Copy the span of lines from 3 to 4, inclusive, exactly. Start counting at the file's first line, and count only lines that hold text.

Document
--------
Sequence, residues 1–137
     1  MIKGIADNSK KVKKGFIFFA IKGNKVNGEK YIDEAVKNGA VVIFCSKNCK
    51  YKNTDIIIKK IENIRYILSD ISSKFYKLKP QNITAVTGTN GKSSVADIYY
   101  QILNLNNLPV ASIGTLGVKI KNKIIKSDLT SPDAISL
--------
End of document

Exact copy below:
    51  YKNTDIIIKK IENIRYILSD ISSKFYKLKP QNITAVTGTN GKSSVADIYY
   101  QILNLNNLPV ASIGTLGVKI KNKIIKSDLT SPDAISL